Graduates Urged to Reach for Financial Security One Latte at a Time

Published: May 13, 2013
There were 1,008 bachelor’s degree candidates and 164 master’s degree candidates.
There were 1,008 bachelor’s degree candidates and 164 master’s degree candidates.
There were 1,172 degree candidates, including August graduates.
There were 1,172 degree candidates, including August graduates.
The Top 3 most popular undergraduate majors were communication, psychology and criminology.
The Top 3 most popular undergraduate majors were communication, psychology and criminology.
2013 Spring Commencement Photo Gallery
View the 2013 Spring Commencement Storify social media collage.

Four years ago, on a 16-hour flight from Dubai to Tampa, Chadi Hamdan ’13 never imagined he’d be giving the commencement challenge to hundreds of people in a language other than his own.

“However, at UT, we were presented with many resources that aided us in adapting to a new way of life,” Hamdan told the crowd gathered for UT’s 134th commencement at the Tampa Bay Times Forum on May 11. “From the friendly faces in the admissions office to the helpful tutors in the ACE center, it was just the right mix to provide us with all the help and guidance we needed.”

Hamdan was one of the 1, 172 degree candidates at Saturday’s ceremony, and he told his classmates to be resilient.

“Today, we enter the real world faced with multiple challenges. Unemployment rates are off the charts, and the competition we are facing is fierce,” said Hamdan, an accounting major. “It is our chance to prove to our nation that we are capable of making a difference.”

Dorothy Estrada, an environmental science major from Farmingdale, ME, introduced the main speaker, Rick Thomas, a 1972 UT alumnus, member of the UT Athletic Hall of Fame and CEO of Thomas Financial. His speech focused on goal setting and what to do when life derails those goals.

“In my experience, setting, pursuing and tracking goals are critical to the success of anything. Vision is an important piece of the goal-setting puzzle. When you imagine yourself attaining your goal — give yourself the best possible outcome and then persevere,” Thomas said, adding that knowing how to respond if those outcomes aren’t met is equally important.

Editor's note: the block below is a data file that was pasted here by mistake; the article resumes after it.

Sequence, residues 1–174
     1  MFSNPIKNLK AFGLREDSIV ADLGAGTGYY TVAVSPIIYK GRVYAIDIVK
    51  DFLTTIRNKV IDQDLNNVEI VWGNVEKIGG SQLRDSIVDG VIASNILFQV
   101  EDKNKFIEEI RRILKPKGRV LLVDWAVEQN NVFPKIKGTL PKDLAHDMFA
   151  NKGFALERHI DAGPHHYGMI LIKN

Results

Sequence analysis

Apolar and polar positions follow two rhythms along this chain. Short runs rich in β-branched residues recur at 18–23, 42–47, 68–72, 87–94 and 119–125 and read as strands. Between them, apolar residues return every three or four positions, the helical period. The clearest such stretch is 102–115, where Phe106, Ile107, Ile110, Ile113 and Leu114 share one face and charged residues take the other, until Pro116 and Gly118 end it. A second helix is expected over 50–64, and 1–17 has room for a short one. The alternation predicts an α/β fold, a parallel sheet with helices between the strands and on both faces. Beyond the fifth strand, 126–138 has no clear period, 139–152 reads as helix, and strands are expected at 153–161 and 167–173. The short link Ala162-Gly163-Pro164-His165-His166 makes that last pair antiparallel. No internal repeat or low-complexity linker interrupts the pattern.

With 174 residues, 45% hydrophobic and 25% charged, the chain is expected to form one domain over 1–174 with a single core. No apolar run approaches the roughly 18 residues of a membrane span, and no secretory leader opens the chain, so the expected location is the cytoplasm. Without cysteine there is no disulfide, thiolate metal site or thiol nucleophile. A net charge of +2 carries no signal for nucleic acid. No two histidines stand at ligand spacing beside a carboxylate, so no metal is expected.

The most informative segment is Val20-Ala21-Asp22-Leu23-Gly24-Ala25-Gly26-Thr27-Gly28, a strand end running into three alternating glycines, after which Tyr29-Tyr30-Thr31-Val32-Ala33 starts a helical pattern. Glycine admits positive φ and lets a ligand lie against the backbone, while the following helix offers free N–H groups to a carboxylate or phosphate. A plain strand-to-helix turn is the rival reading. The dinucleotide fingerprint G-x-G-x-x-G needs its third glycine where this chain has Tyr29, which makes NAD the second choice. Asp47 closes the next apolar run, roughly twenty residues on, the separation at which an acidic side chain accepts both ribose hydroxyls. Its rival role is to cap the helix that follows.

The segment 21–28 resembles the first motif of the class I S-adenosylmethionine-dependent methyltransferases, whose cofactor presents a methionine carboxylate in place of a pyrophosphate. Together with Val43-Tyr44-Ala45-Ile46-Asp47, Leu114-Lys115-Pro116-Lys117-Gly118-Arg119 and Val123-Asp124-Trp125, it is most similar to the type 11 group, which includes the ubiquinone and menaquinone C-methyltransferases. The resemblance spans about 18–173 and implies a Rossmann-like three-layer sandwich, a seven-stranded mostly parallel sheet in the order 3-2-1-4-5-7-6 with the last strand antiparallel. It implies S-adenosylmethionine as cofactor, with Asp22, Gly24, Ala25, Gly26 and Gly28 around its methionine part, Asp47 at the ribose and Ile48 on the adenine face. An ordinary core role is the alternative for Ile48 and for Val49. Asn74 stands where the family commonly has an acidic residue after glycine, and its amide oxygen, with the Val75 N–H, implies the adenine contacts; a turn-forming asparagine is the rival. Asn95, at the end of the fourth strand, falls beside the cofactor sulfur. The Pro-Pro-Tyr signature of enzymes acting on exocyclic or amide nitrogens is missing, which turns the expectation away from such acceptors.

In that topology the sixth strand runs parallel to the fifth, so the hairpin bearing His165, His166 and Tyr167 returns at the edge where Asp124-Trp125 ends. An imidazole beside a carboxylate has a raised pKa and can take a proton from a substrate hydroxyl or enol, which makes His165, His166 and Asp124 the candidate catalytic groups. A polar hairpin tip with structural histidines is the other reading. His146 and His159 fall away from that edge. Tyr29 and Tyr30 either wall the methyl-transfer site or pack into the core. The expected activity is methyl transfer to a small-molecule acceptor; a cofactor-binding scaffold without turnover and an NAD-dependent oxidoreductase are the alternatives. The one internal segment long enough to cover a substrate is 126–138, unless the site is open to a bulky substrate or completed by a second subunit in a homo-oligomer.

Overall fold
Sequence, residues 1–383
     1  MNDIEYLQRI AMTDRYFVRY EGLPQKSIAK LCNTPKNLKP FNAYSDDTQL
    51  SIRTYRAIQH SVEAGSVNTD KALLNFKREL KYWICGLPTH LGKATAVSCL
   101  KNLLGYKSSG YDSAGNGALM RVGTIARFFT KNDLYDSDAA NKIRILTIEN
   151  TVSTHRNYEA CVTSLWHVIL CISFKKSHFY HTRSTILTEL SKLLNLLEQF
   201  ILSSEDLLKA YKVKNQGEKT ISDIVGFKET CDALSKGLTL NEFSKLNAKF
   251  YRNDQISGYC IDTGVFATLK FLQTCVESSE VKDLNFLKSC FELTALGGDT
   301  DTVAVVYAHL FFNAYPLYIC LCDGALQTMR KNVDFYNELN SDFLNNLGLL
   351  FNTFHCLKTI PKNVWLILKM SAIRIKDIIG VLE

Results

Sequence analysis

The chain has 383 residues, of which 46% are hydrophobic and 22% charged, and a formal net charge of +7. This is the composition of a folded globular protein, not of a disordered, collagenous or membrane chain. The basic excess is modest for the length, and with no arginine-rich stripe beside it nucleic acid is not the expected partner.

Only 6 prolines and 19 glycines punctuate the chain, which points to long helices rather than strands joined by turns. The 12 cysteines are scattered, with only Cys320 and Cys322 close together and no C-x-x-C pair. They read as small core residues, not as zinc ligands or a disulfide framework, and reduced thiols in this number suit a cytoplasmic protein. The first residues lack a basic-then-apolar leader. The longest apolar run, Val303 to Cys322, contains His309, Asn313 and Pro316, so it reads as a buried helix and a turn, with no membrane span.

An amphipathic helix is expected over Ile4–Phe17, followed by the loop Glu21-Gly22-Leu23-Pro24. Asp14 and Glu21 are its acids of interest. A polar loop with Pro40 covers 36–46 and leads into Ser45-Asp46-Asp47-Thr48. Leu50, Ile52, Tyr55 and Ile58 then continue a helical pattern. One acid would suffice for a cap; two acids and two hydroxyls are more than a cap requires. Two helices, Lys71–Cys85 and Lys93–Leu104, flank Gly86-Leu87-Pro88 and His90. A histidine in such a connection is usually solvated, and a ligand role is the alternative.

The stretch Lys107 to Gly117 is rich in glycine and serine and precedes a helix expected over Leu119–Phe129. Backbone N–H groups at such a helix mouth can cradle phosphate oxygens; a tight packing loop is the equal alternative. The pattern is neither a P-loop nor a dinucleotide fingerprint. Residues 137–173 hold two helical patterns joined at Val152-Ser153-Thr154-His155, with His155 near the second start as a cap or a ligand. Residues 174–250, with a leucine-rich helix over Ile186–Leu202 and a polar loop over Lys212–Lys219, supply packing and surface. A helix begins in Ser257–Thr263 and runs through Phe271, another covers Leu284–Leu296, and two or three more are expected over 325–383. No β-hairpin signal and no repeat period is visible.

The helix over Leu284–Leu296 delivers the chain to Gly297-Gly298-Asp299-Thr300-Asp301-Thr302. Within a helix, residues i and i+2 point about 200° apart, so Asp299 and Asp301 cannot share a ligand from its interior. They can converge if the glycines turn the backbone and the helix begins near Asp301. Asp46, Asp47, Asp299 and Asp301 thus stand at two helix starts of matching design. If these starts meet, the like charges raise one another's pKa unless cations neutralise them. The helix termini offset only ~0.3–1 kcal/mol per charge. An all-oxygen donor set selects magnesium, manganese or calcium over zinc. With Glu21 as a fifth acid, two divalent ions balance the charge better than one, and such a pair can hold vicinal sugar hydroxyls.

“Whatever you think is keeping you from your destiny may actually help you find your destiny,” Thomas said. “Be flexible, be resilient and be aware.”

He then offered a practical, foolproof financial idea, the concept of which he learned in a UT economics class. Though it’s decades away, he said the new graduates needed to be planning for retirement and harnessing the power of time and compound interest.

“If you set aside the equivalent of one venti latte a day, you’ll have a million dollars by the time you retire,” said Thomas, noting that grads could live to be 120. “As soon as you start your job, start saving money. It will make a major difference in your life.”

In addition to the conferral of degrees, the ceremony included two special awards.

Gene and Patsy McNichols received the Champion of Higher Independent Education (C.H.I.E.F.) Award. Gene McNichols is chairman and CEO of McNichols Company and is the immediate past chair of the UT Board of Trustees. The National Alumni Association Young Alumnus Award was given to Travis Milks ’00, a vice president for Stonehenge Growth Capital in Tampa.


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